November 30, 2019

By many historical standards, the US stock market is overvalued today given the fundamentals.

The US stock market in 2019 (along with others around the world) bounced back from 2018 losses but has done it without increasing profits. What this means, simply, is that the stock market has gotten more expensive.

It gets commonly lost in discussion, but the intrinsic value of a stock is in owning a share of the company’s earnings. If the stock price of a company rises without a corresponding increase in profits, it explicitly means an investor is paying more for the same amount of profit. Ideally, investments should be made in companies that are valued at a price reasonable to earnings. Of course, what that reasonable price is the ultimate source of debate and it is what makes the markets.

The stock market at current pricing, in a general sense, is expensive by many metrics. This doesn’t mean it won’t again appear reasonable or that the prices can’t still go higher. But, ten years into this business cycle, helped with unprecedented monetary policy, it is important to be cognizant of what value money is buying. Following are a few pieces of information that examine the current state of stock market value.

Earnings have not been increasing

After rising sharply in 2018 (due to tax cuts primarily), earnings per share for the entire US stock market have not risen for about one year. All things being equal, the value of an equity stake is directly related to the growth in earnings. The flat earnings growth is shown on the first chart below, in the bold line, compared to the market price. What might be more relevant is that if the earnings growth is adjusted for inflation, real earnings have declined this year.

Source: Bloomberg

Market valuation relative to history

There is no perfect measure for when stocks are expensive, but it is useful to have some historical context. One simple measure, which Warren Buffett has referred to as his favorite, is the market value of all stocks relative to the value of US gross domestic product (GDP). By this measure, the stock market is about as expensive as it has ever been.

Source: Advisor Perspectives

Another common measure, price relative to sales, shows that the current market is at the same level last seen at the height of the technology bubble in 1999-2000.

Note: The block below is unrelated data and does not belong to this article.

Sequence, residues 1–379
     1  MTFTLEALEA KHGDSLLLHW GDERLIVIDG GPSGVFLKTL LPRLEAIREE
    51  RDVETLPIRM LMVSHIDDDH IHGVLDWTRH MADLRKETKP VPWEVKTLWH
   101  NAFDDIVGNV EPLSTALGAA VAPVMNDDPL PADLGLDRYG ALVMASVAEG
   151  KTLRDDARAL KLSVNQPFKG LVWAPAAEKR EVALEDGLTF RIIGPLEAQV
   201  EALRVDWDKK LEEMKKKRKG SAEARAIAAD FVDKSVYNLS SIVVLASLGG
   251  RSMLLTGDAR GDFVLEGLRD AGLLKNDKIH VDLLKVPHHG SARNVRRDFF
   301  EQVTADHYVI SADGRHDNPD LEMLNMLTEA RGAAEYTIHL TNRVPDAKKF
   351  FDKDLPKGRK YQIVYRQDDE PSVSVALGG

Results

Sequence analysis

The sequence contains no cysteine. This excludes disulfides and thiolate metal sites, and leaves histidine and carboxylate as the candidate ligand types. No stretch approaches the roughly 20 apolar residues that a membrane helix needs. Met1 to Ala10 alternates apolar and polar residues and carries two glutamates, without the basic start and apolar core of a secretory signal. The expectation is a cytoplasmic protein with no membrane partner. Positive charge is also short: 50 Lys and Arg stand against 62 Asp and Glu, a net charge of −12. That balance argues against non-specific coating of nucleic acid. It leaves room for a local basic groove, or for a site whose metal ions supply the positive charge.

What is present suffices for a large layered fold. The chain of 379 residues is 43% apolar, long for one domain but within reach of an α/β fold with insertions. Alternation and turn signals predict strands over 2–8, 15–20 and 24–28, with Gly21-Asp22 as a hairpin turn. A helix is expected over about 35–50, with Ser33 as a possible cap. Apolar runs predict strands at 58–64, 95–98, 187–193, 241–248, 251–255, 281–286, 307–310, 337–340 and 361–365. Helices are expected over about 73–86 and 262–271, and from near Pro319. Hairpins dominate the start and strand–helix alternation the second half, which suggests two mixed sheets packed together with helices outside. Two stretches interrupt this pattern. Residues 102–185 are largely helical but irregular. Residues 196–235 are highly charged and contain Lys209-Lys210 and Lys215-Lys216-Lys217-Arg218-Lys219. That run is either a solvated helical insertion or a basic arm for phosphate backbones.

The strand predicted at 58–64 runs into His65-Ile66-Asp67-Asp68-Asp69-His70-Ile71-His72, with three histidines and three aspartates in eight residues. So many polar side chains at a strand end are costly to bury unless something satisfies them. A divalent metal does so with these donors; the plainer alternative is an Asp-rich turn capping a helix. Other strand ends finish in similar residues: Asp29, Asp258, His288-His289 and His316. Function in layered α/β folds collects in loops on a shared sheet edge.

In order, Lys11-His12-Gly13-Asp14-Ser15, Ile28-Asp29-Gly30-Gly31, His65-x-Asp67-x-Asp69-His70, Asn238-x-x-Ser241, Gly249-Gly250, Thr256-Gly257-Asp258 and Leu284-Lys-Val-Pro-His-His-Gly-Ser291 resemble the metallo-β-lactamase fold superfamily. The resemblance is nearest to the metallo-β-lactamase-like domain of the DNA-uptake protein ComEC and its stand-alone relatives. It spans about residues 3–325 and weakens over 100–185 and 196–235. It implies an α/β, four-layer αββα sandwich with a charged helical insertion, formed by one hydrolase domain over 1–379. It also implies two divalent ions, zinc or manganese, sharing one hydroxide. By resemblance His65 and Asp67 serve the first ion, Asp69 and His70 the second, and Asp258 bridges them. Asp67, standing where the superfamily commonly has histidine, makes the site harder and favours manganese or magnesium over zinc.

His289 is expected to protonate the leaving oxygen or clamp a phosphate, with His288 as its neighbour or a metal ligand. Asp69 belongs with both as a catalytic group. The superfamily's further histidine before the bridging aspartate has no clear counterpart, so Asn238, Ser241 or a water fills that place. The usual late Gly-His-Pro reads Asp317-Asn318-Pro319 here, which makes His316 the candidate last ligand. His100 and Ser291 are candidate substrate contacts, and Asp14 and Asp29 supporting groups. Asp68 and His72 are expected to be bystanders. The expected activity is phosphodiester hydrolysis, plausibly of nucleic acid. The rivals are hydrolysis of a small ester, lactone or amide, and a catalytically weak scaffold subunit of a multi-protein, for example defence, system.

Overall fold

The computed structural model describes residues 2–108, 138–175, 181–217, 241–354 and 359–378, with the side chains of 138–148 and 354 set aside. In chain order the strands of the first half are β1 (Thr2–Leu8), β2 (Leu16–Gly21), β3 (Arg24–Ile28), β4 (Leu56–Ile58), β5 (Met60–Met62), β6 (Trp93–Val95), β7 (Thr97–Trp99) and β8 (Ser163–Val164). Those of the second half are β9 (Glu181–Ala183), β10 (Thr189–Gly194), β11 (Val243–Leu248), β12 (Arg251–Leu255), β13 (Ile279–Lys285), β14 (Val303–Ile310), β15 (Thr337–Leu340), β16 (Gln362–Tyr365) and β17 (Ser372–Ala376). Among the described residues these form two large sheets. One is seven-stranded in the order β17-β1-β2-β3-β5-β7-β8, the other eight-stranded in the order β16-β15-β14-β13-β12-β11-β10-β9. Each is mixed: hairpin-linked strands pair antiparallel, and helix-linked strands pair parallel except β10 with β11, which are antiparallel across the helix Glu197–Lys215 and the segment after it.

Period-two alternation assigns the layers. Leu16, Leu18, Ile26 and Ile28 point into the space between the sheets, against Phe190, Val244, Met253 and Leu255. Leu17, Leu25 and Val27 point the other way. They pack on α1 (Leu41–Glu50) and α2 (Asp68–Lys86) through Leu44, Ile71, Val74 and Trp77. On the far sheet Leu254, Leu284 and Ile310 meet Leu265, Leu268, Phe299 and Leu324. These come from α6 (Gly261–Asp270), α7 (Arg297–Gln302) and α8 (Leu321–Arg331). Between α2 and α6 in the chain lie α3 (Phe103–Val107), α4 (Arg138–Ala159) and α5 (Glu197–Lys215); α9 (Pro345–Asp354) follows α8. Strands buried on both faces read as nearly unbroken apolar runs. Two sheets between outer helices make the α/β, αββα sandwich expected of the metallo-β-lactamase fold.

The measure most quoted, price relative to earnings, shows that current valuations are above both the five- and ten-year averages. 2017-2018 was a bit of aberration to the high side since the stocks priced in the tax cuts before they were fully reflected in earnings.

We most commonly analyze market segments, not individual companies, but it is interesting to note the change in valuation of the market’s largest company, Apple. The price of Apple has risen a lot this year and over the last few years. What is less commonly known is that the total earnings for Apple have been basically flat for the last five years. This means that the price to earnings ratio has gone from about 10 in 2016 to almost 23 currently. Company share buybacks have definitely contributed to this.

High prices are permeating the market

Unlike the late 1990’s, when primarily technology and related sector values went sky high, the current market has seen an inflation of valuations across most of the market. Looking at current price to earnings (P/E) ratios by economic sector, most sectors are trading towards the upper end of their range over the current ten-year cycle. There’s no question that low interest rates have contributed to this result.

Interestingly, at the high end of valuation, there are both growth-oriented stocks (technology) and conservative sectors (utilities) that are about as expensive as they’ve been this entire cycle.

Source: Bespoke Investments

Another analysis, comparing the current market to the peak of the technology bubble divides all stocks into deciles ranked by price to revenue ratios. The very top decile shows the 1999-2000 market had some companies that were more highly priced. But it shows that all other segments in the current market are more expensive by this metric.

Price (valuation) does matter

When prices are rising seemingly without reason, it can be easy to get carried away with the hype. However, history has shown repeatedly that future returns are very much correlated to cheaper valuations. This first chart shows a distinct relationship between the earlier measure, market value to GDP, and returns over the subsequent ten years. In the few instances similar to now, forward returns for ten years were negative.

Source: Guggenheim

The following chart looks at where price to earnings were at the start of bull markets over the last eight decades. We are currently nowhere near any of those levels.


An empirical comparison of today’s stock market valuations versus historical norms makes it look highly priced, but that doesn’t mean certain factors couldn’t push prices even higher.

There is no single definitive way to assess the value of the stock market. But there are currently many pieces of information that say risks have risen given the price of stocks. It is certainly possible that policy makers at the Federal Reserve and other central banks will do everything in their power to continue boosting stock prices. It is also possible that the earnings picture will improve and justify the current prices. Additionally, other factors such as company share buybacks and low interest rates continue to push up prices regardless of value. These are things to watch for, but we believe that right now is a time to stay diversified but be willing to change course, if needed.